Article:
Provider Focus

JenScott2016Jen Scott, ARNP-C

Family Nurse Practitioner Jen Scott, ARNP-C, treats patients of all ages and has a special interest in cardiac care. 

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Latest News

Oh my Heart!

With a new little one, the tests, forms and information are abundant. Family Practice with Obstetrics Physician Dr. Shawn Richmond knows this all too well! One test that all of his little patients receive is a pulse oximetry to measure the amount of oxygen in the blood. Sounds big but it’s actually quite small. The test uses little sticky monitors (think of a band-aid), that are applied to a baby’s foot and hand. Don’t worry, this test is totally painless, but provides insight on their health, often before any signs and symptoms could be noticed. Pretty neat huh?

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Published Feb 23, 2017

Shake Those Hips!

When it comes to your body, aches and pains can really throw you for a loop! One common complaint is hip, knee and shoulder pain, at least in MHP Orthopaedic Surgeon Sreedhar Somisetty, MD’s, office! Some may think replacing those joints will fix all; however, Dr. Somisetty likes to remind patients that it’s not a race to the finish line and taking baby steps will get you on the road to recovery!

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Published Feb 16, 2017

Prevent Cervical Cancer

MHP Stresses Regular Screenings to Prevent Cervical Cancer

Mahaska Health Partnership Adult Medicine Nurse Practitioner Lisa Nelson urges women to get regular screenings to prevent cervical cancer.

“A regular pap test is the best defense women have for protecting themselves against cervical cancer because abnormal cells can usually be detected before they become cancerous,” Nelson stressed.

Cervical cancer occurs in the cervix, which is where the uterus meets the birth canal. According to the American Cancer Society, there are two main types of cervical cancer called squamous cell and adenocarcinoma. “Squamous cell carcinoma occurs in the cells that cover the surface of the cervix while adenocarcinoma develops from the mucus producing glands,” Nelson explained.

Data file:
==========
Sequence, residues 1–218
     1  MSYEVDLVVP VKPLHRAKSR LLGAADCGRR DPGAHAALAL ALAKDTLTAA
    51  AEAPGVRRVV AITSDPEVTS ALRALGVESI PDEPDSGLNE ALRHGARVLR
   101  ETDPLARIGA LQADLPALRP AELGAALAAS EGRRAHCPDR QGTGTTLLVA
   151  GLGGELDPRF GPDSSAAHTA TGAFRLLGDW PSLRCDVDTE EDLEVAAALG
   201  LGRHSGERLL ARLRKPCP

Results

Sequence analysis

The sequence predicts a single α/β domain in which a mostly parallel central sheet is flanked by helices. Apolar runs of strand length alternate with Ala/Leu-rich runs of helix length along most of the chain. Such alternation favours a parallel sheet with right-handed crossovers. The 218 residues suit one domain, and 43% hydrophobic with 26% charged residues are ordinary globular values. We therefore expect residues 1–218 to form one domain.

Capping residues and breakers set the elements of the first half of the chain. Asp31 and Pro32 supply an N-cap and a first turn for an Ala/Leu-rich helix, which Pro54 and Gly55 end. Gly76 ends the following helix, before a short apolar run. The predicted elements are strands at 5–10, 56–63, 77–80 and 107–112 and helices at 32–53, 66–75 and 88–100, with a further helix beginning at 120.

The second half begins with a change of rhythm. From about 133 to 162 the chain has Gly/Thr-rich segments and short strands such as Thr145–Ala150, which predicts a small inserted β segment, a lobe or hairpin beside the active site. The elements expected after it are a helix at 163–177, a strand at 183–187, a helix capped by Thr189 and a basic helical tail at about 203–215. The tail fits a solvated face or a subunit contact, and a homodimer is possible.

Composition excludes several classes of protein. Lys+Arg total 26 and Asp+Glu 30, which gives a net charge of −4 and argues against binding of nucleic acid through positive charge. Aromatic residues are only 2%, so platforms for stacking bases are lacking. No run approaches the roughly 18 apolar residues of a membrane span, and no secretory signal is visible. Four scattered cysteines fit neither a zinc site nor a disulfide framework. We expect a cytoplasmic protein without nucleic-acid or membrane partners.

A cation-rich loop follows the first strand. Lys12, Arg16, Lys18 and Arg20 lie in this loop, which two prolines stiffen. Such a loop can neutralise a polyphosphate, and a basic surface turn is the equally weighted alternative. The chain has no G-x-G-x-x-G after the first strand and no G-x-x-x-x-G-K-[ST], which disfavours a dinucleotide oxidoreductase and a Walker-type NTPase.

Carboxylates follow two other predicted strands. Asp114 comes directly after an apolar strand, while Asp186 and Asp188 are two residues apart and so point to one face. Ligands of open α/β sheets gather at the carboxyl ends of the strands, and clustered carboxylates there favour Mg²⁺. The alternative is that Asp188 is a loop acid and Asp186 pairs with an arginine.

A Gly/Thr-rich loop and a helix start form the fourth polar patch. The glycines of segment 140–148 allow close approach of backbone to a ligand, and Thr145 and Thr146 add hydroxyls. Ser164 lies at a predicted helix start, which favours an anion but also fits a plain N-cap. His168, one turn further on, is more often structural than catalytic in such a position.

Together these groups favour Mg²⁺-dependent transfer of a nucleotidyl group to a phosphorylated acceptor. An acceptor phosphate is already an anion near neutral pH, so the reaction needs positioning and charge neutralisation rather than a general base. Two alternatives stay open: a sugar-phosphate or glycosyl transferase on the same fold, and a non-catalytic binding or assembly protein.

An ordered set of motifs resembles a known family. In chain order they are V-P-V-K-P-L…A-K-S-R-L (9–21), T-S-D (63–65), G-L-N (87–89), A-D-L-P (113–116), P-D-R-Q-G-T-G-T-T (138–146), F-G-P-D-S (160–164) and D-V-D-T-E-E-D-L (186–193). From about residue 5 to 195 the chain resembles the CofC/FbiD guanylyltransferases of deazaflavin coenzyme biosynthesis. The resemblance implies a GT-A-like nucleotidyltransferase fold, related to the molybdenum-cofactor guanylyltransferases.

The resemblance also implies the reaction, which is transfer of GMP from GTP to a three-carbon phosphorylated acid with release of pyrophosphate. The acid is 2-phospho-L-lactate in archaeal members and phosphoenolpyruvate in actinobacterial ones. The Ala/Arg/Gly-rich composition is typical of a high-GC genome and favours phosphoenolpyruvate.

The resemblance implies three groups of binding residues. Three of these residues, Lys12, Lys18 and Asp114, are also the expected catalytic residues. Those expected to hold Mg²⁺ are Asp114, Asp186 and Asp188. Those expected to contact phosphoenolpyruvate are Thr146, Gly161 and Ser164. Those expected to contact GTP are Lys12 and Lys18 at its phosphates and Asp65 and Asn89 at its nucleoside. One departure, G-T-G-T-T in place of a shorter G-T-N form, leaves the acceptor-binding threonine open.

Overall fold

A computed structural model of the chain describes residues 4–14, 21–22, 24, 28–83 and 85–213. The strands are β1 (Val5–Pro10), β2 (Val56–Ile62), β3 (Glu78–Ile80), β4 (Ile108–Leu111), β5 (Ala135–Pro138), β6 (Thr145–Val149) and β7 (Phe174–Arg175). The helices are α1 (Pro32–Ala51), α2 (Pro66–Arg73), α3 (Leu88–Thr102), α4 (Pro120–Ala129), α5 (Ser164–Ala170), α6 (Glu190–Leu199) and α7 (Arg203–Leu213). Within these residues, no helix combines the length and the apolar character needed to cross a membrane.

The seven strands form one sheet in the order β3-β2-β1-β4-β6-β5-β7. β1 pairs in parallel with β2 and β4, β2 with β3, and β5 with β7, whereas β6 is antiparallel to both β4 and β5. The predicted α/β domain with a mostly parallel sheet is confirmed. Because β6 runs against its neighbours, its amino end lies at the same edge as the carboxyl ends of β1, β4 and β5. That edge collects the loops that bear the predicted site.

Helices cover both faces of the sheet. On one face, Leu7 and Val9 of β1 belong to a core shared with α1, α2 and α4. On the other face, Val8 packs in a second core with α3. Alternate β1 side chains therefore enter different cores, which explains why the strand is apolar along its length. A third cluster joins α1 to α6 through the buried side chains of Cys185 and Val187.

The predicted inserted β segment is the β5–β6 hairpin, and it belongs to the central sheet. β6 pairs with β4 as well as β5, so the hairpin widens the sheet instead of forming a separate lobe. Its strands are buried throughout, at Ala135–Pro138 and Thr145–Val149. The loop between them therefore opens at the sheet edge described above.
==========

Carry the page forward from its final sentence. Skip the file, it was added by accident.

The American Cancer Society said that, when detected early, cervical cancer is one of the most successfully treated cancers. “The recommendation is for women not in a monogamous relationship to receive pap tests annually,” Nelson said. “Once a woman is in a monogamous relationship and as long as no other risk factors are present, a pap can be done less frequently at the advice of her primary care provider.”

According to the American Cancer Society, several risk factors increase a woman’s chances of developing cervical cancer. The most prominent risk factor is infection by the human papilloma virus (HPV). This virus infects cells on the surface of the skin and is spread through skin-to-skin contact. It may cause growths called papilloma, or warts, to form on the skin. “In most women, the body’s immune system will fight HPV on its own, however, a woman whose immune system is compromised is more susceptible,” Nelson explained.

Other risk factors for developing cervical cancer include smoking, other sexually transmitted diseases, diet and/or obesity as well as multiple full-term pregnancies and a family history. “Some women with these risk factors may never develop the disease but it is important to get regular screenings if you know you have increased risk,” Nelson stressed.

According to Nelson, women with pre-cancerous or early cervical cancer usually have no symptoms but if a woman notices a difference in vaginal discharge or experiences abnormal bleeding, Nelson said she should seek medical attention.

Nelson practices full time in Adult Medicine on the MHP campus is Oskaloosa. To make an appointment, call 641-672-3360 or visit our website at mahaskahealth.org.